1. olfactory bulbsI’ll start with the suggestion that none of us are born with noses or tongues ready to accept distilled spirits. But should we be surprised? Distillation in towering copper pot stills & maturation in cured, masterfully coopered oak casks goes so far beyond any effort our evolving bodies could have possibly motivated. We’ll need to call whisky a post-human liquid, and grow ourselves to meet it, on its own terms.

Pour yourself a glass of whisky and bring it to your nose. Wait, and track the sensation, as one small analytical knot in your brain gets busy with tabulating the whisky’s heat and approachability, while the rest of you skips into airier, fairier worlds. Without a say in the matter, we’ll catch the scent of a childhood memory in the glass, and get rocketed, whole body, into the past. Given the chance, and without our permission, our minds will make themselves up — a labyrinth of neurons firing in the dark!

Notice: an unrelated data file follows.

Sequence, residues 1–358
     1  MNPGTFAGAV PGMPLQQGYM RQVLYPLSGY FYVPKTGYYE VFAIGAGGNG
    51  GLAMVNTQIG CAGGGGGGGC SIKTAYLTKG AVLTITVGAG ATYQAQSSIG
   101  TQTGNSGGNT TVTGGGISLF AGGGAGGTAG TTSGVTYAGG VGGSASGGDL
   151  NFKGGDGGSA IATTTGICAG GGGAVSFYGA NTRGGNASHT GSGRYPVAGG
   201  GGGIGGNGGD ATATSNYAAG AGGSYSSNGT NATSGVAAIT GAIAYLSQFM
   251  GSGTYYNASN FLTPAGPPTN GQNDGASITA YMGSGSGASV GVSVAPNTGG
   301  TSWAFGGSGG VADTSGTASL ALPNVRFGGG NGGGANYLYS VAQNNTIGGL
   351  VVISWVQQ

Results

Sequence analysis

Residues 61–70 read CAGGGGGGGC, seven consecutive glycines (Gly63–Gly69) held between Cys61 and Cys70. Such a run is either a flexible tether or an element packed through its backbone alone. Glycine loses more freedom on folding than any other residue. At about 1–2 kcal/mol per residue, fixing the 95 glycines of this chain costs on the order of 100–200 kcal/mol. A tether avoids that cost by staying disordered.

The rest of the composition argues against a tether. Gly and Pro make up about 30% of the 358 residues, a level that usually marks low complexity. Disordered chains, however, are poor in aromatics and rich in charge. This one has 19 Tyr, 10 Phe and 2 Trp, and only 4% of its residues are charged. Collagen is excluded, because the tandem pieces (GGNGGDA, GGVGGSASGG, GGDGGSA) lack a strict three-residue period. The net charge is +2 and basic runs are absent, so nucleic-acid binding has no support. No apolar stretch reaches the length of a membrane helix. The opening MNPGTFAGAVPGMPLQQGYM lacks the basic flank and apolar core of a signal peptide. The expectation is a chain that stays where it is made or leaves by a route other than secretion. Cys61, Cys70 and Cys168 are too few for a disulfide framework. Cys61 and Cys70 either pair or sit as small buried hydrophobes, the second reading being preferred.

And what a blessing. What a lovely design of nature that our olfactory bulbs paint strokes so recklessly onto the amygdala. Ringer of gongs, speaker of koans, an articulated pair of sinewy tissues strapped to the base of our brains, right above the nose, as if for a ride, sending signals blooming into our emotions and decisions.

I’m not a cognitive scientist. But what I can tell you with confidence is that the whisky in your glass will take you somewhere. Exactly where that is, will, without a doubt, be different than where that exact same whisky will take your neighbour.

So let go. Because aren’t the most interesting whiskies the ones that torpedo us into a whirlpool of ambiguities? Those with the ability to drag us into a rip-tide of space and time, a satori ‘woah’-ness? Whiskies that fasten us to a particular spot; places we’ve been, or dreamed, and those strange & unfamiliar places we have yet to be?